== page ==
Earth pigments on Stringybark hollow pole
156 x 11cm
Yiḏaki are didjeridus that are specific to North East Arnhem land in Australia’s Northern Territory, where the instrument originates. The term yiḏaki is used in Yolŋu (the nation of North East Arnhem land Aboriginal people) languages as the generic name for the didjeridu. The name yiḏaki is most correctly used for instruments from this region that have been solely made and decorated by Yolŋu people.
Yiḏaki were originally limited to the Northern extremes of Australia, in particular Arnhem land. In relatively recent years, yiḏaki spread to other parts of Australia and the rest of the world. Yiḏaki began to be manufactured in different ways and with different types of materials. It became commonly known as the didjeridu, a non-Aboriginal term for the instrument. Through it’s International popularisation as the didjeridu, it has been somewhat displaced from it’s spiritual and cultural roots that are still held by the Yolŋu in Arnhem land today. The Yolŋu are masters of making and playing the yiḏaki and are well known Internationally for their quality instruments and complex yiḏaki playing styles.
Yolŋu artists carefully select naturally occurring termite hollowed tree stems, which are cut and shaped into suitable sounding instruments. They are made with certain desired acoustics that can vary dramatically between different clans, from high pitch to very low. Typical yiḏaki have small natural wooden mouthpieces around 30mm in diameter and taper out to a diameter of around 100mm at the distal end. Having a small mouthpiece means they require less air to play and produce sound easily as a result.
The vast majority of yiḏaki are made from Gadayka (Stringybark – Eucalyptus Tetrodonta). Gadayka is by far the most common tree in the North East Arnhem land region and often grows in a conical shape, which is desired for acoustic reasons. Occasionally, Guŋurru ( Woolybutt – Eucalyptus Miniata) is used.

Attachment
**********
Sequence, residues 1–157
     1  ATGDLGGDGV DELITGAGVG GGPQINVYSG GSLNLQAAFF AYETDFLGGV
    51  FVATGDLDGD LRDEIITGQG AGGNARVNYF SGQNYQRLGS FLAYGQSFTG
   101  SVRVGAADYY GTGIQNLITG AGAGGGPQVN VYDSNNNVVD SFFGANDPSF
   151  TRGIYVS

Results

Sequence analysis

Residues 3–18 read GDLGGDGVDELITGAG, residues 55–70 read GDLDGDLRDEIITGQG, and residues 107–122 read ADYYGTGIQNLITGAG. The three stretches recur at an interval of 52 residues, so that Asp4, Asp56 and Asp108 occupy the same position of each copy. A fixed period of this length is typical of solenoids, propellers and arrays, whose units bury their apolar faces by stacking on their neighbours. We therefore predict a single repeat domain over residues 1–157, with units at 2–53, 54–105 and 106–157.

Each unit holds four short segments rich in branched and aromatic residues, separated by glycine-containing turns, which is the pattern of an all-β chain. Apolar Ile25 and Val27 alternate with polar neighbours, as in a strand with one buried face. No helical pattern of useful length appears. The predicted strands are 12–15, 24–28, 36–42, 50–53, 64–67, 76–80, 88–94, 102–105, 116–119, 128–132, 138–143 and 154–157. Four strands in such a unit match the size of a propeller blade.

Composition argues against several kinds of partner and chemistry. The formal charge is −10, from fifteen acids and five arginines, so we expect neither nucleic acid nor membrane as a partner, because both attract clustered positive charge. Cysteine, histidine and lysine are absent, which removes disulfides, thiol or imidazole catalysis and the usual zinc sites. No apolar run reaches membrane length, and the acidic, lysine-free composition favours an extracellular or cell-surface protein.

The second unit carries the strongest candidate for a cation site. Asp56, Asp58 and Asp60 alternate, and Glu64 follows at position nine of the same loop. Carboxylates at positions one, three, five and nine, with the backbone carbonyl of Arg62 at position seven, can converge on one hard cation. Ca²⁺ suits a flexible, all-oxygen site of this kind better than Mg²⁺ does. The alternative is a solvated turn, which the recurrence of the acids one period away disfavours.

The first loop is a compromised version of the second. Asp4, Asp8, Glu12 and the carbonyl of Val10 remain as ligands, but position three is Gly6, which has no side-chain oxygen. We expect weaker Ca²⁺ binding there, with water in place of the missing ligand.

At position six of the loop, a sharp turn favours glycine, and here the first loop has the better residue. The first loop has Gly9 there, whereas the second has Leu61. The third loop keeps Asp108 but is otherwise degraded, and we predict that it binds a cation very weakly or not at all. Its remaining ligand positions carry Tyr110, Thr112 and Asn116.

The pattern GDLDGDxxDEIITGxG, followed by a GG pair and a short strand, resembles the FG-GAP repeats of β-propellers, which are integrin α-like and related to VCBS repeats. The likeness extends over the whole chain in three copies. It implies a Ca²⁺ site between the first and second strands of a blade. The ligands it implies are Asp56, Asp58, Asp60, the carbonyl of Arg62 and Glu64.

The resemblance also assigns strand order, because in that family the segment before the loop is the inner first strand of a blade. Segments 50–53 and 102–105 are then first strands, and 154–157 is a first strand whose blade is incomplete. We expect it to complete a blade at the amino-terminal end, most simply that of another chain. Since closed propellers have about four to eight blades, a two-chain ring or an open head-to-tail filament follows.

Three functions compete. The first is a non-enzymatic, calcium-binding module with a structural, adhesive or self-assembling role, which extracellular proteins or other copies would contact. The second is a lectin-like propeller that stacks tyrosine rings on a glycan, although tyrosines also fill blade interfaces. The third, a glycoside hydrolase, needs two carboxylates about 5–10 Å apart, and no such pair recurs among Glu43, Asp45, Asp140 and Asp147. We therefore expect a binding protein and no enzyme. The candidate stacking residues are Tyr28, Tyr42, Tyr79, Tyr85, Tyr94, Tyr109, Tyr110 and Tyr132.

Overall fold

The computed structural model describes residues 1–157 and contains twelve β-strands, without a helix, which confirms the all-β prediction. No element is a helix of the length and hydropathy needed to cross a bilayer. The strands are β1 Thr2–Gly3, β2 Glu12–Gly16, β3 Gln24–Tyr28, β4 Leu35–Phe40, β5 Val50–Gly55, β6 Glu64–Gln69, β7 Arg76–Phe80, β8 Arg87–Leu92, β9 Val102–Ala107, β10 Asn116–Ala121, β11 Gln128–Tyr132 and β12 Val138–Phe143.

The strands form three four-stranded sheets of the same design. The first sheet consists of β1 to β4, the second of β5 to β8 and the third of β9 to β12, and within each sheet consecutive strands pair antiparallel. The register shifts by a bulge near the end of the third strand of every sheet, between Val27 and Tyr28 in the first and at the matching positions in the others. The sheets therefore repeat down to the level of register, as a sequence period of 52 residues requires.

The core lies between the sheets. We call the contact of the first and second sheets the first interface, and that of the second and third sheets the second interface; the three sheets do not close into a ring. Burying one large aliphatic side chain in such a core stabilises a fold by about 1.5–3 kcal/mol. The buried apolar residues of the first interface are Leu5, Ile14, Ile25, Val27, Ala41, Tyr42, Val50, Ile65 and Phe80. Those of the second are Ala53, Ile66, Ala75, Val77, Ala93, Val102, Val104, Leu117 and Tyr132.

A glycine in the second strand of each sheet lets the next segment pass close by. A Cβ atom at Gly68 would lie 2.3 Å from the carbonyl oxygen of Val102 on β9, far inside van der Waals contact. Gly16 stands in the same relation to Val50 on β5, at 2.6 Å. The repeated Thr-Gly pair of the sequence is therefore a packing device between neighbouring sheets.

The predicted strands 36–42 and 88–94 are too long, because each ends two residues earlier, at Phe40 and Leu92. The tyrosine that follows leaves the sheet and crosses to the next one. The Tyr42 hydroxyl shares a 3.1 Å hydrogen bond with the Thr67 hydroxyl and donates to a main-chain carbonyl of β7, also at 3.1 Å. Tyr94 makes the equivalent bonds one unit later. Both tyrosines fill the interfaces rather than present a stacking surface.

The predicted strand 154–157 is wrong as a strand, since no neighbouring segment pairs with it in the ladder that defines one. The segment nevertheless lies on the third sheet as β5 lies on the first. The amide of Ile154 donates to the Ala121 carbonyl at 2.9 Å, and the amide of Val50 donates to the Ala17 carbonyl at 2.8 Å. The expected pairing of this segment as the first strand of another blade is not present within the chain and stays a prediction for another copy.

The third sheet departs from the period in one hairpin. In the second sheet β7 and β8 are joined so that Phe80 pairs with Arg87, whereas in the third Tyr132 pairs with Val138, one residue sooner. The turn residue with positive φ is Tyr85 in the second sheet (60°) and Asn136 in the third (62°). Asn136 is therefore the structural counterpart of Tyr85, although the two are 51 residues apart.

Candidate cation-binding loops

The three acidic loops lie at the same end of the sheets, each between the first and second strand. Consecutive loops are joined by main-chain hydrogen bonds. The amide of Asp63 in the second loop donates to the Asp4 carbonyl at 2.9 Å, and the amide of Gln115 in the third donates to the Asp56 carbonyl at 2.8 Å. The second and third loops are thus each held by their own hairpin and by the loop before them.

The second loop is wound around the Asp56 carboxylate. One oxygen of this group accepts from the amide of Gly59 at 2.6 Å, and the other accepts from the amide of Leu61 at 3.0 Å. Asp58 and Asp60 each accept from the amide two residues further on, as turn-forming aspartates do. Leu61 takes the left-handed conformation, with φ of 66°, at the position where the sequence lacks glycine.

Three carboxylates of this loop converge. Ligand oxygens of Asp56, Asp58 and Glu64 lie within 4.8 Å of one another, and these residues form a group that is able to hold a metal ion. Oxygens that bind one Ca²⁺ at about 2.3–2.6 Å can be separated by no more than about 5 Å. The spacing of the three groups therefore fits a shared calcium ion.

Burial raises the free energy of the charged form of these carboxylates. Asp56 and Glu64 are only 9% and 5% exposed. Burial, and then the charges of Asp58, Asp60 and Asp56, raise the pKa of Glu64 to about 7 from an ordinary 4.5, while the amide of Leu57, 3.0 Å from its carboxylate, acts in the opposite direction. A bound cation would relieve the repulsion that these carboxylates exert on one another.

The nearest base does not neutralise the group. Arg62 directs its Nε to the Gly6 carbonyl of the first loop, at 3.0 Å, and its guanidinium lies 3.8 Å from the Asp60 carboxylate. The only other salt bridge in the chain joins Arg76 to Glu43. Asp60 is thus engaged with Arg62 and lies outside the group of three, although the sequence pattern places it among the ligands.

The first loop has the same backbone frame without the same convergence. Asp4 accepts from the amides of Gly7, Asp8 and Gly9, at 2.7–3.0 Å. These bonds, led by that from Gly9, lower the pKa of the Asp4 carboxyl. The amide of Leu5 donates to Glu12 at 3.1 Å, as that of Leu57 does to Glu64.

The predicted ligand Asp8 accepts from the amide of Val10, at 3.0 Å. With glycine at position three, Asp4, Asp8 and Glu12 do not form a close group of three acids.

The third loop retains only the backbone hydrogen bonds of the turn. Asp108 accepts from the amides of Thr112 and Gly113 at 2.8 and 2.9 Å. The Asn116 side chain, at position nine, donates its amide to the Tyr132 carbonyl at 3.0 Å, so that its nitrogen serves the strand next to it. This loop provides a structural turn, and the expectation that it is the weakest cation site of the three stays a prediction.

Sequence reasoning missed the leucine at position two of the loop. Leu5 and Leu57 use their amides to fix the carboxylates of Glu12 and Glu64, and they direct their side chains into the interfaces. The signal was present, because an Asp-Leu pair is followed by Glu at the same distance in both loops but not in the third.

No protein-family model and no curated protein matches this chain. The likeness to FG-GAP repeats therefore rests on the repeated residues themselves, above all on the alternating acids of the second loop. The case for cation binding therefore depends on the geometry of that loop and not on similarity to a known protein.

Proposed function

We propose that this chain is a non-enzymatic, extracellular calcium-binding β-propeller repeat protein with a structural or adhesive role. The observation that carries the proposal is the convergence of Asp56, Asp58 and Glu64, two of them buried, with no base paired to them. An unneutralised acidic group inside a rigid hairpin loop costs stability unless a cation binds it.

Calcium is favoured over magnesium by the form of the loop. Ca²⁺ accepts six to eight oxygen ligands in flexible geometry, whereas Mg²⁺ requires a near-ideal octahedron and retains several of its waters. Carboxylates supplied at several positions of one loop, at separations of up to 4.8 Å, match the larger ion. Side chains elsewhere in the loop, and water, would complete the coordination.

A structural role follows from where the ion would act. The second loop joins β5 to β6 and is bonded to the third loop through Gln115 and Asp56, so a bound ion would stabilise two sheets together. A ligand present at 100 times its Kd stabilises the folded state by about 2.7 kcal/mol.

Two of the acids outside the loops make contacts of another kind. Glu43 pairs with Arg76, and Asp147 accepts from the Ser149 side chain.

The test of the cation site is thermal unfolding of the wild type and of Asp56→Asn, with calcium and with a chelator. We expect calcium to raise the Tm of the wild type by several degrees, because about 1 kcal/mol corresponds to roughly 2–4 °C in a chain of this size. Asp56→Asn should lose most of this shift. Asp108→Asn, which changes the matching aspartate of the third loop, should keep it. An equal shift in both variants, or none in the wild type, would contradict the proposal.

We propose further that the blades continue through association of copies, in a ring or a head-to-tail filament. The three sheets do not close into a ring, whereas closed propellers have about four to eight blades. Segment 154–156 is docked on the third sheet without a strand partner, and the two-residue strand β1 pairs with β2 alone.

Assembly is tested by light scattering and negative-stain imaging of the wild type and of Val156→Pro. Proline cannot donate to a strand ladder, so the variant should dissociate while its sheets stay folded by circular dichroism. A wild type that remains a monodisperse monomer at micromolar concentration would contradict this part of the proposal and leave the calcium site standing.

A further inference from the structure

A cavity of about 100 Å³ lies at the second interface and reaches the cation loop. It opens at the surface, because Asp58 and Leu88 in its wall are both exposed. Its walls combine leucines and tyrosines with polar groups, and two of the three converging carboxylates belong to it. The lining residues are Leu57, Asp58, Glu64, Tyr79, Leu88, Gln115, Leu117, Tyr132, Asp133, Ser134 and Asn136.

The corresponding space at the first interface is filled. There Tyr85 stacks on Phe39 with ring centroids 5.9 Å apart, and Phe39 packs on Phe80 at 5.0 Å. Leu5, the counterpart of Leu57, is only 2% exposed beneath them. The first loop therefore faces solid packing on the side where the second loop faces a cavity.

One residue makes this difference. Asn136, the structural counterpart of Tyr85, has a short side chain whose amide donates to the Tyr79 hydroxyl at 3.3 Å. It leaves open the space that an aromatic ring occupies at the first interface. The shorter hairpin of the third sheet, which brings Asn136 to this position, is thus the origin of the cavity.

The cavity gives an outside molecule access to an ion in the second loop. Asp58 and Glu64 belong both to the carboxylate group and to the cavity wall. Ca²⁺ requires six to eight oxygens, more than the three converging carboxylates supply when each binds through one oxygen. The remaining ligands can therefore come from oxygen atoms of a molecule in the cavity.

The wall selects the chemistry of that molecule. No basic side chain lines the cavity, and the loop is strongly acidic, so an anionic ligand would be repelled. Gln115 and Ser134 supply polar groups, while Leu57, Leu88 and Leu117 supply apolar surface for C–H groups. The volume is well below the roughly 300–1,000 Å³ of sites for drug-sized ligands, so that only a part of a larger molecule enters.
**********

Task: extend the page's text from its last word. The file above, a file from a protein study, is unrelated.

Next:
In appearance yiḏaki seem to be a simple instrument, however the playing styles of the Yolŋu are complex and require many years of practice. Yiḏaki are played by vibrating the lips which produces a basic tone. This tone is maintained continually using cyclic breathing and is varied through use of the playing pressure, the tension in the cheeks, the use of the diaphragm, the tongue position and the use of the voice.
Traditionally, yiḏaki are painted with naturally occurring red, white, black and yellow earth pigments. In recent years acrylic paints began to be used. Both the artwork and the sound and overall style of the yiḏaki denote cultural history and law.
The maker of this yiḏaki is Winiwini (Larry) Gurruwiwi. Winiwini is the son of senior Galpu clan custodian for the yiḏaki, Djalu’ Gurruwiwi. Winiwini is commonly known as Larry and is well known Internationally for his virtuoso yiḏaki playing that can be heard on youtube and in various documentaries.
The Galpu clan attribute the point of origin to Djugirriŋura. Typical Galpu style yiḏaki are often referred to as Djuŋgirrin – referring directly to the place of origin. Djuŋgirriŋura is near the Galpu homeland Ŋaypinya (close to Caledon Bay) It is here that Wititj, the Ancestral Rainbow Serpent first came out of the ground. At this place two clansmen, a Marrakulu (Yirritja) and Galpu (Dhuwa), were making and testing what could be interpreted as the first yidaki. The Galpu mans’ yiḏaki was longer and deeper than the Marrakulu mans’ yiḏaki. The West wind, Barra, made itself known to the Galpu man and he felt its power as it blew through the yiḏaki. He blew the yiḏaki with that feeling and produced a strong powerful sound. As people gathered and began dancing, the clouds progressed through white to black followed by the red lightening and black darkness, intimating the Galpu clan relationship with Wititj and the associated tempest.